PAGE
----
DECEMBER 4, 2013 BY 

By Sam Marquit

In recent years the travel industry has embraced renewable energy sources as a way of conserving energy and saving money. According to the International Energy Agency, renewable energy sources will become the second largest source of electricity by 2016, just behind coal. Last year, hydroelectric plants supplied seven percent of the nation’s power with wind and solar energy supplying five percent. This increase in the use of renewable energy sources is expected to increase by 40 percent within the next five years.

On the west coast, Hyatt at Olive 8 is Seattle’s only LEED certified hotel. This hotel was recently installed with rooftop wind turbines. These turbines repurpose the neutral exhaust from Urbane, which is an organic restaurant located on the first floor at the Hyatt. This use of wind power is expected to produce enough energy to power a house for a year, with the annual output of 8,700 kilowatts. With this energy saving method, they Hyatt is expected to use 32 percent less energy than a comparable hotel.

When it comes to solar power, the Moonrise Hotel is a step ahead of its competitors. This hotel has a roof comprised of 107 solar panels. Microgrid Solar as part of the hotel’s New Moon Room installed these panels, which is a large event space. These solar panels are the ceiling of this event space, and provide the hotel with 33,000-kilowatt hours of energy each year.

More than 22 Fairmont Hotel locations worldwide are reducing their waste disposal costs and supporting a cleaner economy by using materials that would normally be thrown away. For instance, The Fairmont Sonoma Mission Inn & Spa reuses about 150 gallons of used cooking oil every three months and repurposes it into tallow or feed for animals. In Scottsdale, The Fairmont gives their used oil to an outside company to turn it into fuel for businesses for generators, forklifts, and cars. In Singapore, The Fairmont recycled 6.49 tons of oil within their first year of this recycling program, resulting in saving $3,245 for the Fairmont hotel location.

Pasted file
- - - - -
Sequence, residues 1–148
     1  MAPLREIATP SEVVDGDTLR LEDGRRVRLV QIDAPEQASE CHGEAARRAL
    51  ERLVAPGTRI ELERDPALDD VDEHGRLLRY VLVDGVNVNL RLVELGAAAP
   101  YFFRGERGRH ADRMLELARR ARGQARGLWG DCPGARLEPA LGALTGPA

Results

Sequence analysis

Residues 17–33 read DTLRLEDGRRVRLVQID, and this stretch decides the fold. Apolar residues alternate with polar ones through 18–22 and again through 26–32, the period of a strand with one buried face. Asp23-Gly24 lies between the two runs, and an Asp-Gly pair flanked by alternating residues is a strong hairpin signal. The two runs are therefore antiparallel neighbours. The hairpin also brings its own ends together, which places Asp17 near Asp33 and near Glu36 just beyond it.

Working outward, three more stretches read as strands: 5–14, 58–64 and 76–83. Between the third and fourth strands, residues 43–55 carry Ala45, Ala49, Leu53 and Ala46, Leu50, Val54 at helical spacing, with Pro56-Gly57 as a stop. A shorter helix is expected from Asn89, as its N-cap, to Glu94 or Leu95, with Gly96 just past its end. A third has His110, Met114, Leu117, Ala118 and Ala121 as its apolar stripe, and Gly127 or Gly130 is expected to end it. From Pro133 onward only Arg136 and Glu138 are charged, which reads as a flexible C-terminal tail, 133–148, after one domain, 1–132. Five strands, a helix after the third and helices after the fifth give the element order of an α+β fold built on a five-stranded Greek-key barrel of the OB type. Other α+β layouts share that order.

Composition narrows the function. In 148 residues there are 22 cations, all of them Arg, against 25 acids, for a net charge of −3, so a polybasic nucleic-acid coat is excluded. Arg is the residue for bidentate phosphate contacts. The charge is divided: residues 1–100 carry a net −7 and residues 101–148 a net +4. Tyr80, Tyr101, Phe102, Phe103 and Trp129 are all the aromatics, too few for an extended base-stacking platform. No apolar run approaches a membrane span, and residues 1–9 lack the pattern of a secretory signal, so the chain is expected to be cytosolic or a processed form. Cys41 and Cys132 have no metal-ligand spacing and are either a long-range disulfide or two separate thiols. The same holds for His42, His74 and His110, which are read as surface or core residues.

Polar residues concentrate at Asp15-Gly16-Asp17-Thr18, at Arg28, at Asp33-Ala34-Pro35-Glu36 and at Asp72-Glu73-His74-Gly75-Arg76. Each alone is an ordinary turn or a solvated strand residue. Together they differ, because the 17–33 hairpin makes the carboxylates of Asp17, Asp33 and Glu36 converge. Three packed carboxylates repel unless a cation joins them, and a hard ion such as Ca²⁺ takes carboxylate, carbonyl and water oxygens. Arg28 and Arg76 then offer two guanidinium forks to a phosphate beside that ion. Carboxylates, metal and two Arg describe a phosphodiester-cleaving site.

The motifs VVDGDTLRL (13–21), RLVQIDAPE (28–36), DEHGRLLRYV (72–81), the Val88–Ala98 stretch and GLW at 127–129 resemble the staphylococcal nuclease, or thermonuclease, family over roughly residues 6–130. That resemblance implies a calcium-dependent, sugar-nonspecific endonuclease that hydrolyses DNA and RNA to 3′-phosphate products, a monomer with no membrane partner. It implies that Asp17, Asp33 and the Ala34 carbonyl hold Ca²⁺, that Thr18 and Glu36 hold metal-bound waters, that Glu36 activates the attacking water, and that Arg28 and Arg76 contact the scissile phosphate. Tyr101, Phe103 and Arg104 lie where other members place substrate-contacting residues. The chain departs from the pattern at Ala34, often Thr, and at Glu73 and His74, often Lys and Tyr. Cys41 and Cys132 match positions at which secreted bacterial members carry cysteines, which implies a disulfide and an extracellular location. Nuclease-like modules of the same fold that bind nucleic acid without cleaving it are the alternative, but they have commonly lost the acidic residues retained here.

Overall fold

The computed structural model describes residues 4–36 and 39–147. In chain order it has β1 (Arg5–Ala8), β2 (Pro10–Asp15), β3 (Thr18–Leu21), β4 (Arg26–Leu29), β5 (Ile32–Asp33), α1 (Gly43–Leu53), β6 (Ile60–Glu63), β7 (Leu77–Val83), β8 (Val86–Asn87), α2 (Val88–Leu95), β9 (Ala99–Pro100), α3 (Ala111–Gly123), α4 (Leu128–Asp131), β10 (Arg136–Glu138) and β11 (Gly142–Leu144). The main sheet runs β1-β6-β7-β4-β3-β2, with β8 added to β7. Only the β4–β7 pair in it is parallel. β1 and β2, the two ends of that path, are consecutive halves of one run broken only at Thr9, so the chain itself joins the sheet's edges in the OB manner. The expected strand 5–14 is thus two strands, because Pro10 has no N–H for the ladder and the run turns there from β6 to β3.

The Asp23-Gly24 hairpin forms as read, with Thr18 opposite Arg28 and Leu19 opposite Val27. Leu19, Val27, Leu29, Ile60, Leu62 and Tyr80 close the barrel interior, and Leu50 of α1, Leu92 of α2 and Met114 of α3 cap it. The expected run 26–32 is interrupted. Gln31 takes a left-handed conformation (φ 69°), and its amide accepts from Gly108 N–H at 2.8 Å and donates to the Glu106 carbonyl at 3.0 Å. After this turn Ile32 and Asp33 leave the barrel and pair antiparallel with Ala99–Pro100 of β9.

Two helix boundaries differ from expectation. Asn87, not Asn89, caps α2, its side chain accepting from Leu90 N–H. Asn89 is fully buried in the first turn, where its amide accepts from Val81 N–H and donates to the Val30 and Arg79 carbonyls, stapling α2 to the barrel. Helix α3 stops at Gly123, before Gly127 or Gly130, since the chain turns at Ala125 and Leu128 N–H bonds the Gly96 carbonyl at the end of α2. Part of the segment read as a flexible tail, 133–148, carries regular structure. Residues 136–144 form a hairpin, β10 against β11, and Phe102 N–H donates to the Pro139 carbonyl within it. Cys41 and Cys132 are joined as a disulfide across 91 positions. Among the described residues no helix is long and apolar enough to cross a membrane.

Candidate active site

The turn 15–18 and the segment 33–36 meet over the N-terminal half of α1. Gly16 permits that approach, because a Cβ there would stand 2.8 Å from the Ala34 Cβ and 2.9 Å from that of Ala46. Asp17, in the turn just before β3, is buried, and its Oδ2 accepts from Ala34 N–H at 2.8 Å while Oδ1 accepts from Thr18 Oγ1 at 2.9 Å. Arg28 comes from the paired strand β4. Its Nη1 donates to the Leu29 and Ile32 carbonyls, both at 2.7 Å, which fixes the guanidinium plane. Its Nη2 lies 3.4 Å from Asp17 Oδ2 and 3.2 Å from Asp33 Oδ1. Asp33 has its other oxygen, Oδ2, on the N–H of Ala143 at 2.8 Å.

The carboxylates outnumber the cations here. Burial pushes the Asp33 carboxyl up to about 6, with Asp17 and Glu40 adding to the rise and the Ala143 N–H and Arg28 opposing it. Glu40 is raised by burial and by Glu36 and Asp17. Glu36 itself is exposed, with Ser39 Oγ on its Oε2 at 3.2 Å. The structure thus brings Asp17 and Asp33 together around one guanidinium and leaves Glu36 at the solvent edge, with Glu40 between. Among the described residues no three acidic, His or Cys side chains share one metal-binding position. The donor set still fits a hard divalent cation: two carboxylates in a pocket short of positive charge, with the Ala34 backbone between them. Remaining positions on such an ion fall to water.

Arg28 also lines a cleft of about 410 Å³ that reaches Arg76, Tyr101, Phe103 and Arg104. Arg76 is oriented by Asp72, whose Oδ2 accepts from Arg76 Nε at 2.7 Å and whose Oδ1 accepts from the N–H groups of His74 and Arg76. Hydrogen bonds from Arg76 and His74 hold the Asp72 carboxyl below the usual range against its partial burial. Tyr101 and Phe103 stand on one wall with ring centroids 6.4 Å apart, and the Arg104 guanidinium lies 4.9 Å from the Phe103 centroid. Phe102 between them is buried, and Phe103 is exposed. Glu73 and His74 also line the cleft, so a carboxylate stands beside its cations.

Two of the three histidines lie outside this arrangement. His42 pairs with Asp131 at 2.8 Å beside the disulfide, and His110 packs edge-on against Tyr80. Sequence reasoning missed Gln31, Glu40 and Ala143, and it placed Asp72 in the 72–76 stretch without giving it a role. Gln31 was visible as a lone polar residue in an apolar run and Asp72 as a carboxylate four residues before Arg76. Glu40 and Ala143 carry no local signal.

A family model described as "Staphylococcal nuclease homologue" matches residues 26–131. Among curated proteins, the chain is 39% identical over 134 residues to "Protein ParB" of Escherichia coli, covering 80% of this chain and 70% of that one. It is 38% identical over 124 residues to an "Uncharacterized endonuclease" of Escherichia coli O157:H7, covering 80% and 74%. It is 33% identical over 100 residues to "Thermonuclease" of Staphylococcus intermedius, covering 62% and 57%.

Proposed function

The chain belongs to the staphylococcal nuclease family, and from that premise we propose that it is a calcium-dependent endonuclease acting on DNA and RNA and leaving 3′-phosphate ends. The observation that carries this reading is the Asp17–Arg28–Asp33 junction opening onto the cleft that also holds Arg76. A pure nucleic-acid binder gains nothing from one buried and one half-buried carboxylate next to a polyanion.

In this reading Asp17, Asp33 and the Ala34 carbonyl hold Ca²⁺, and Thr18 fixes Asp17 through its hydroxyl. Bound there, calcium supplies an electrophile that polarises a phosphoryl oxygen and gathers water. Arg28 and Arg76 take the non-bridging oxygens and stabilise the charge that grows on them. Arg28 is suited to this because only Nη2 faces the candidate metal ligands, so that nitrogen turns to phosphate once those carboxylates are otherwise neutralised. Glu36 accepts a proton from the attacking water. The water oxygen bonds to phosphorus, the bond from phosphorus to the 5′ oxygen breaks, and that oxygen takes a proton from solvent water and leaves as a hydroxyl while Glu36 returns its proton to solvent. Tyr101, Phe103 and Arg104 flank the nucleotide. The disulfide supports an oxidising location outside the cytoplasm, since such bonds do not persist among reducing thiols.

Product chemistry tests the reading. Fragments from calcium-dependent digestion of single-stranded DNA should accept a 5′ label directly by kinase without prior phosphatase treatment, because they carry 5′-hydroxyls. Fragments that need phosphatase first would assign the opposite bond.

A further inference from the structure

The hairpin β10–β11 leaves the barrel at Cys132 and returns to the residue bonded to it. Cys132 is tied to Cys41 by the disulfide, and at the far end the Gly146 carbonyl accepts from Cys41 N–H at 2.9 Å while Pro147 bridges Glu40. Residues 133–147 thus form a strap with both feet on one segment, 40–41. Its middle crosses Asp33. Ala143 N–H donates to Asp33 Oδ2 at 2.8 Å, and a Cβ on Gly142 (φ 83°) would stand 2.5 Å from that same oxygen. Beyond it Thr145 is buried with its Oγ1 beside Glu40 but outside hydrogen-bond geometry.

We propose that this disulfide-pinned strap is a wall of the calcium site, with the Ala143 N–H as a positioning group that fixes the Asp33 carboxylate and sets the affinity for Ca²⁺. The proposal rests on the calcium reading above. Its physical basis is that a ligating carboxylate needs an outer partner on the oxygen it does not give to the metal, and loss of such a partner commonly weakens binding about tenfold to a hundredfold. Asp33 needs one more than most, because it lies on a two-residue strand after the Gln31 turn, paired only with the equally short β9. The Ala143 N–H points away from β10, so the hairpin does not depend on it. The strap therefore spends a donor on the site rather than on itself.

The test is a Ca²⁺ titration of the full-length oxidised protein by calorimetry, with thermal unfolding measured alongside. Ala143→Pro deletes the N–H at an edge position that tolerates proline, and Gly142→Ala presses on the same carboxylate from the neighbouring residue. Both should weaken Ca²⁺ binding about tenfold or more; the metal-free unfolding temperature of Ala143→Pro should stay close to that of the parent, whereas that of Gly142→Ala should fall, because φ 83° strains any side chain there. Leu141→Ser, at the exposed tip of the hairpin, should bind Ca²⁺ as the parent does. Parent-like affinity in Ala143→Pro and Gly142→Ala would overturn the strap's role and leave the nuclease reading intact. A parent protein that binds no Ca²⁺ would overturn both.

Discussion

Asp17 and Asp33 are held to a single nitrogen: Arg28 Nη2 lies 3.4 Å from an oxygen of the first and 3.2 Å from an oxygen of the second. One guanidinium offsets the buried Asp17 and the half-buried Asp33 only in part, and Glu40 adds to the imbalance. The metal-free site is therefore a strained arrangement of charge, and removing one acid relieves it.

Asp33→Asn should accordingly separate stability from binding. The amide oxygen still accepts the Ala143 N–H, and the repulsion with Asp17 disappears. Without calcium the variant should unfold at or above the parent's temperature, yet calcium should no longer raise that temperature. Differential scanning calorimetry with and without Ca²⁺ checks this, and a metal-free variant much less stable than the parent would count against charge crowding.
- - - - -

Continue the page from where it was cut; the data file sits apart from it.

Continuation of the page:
When it comes to geothermal energy, the Peppermill Hotel uses this natural resource to heat this resort in a cost effective way. Underneath the resort, water is pumped up to the heating and hot water systems, and the high natural temperature of 174 degrees Fahrenheit heats the water, instead of traditional methods. This saves two million dollars annually for the resort. The Peppermill Hotel & Casino has been billed as the only resort in the United States who heats solely from geothermal energy from the immediate property, according to Dr. Jim Combs of Geo Hills Associates. This area of the U.S seems to be at the forefront of green technology and innovation. With millions of travelers going to this area each year, it is great to see that they will be able to take advantage of these eco-friendly features.

Lastly, the Stratton’s Hotel has found that when they supply guest bathrooms with soap and shampoo in dispensers, guests use only the product that they need, rather than using a small portion of miniature bottles of shampoo and tossing the remainder. This change of reusable dispensers helps the hotel eliminate waste and reduce costs.

Hotels around the world are now finding new ways to conserve natural resources and cut costs. From geothermal heat used to heat water in hotels to eliminating miniature bottles of shampoo, many companies in the travel industry are making changes that positively affect the environment and reduce their expenses.

Sam Marquit an entrepreneurial contractor and home renovation/remodeling expert in New York. He’s  made it a point to share with his readers “a day in the life of sustainable building.” Forecasting the possible application and implementation of new green building materials and technologies is just one small part of the effort to reduce everyone’s carbon footprint.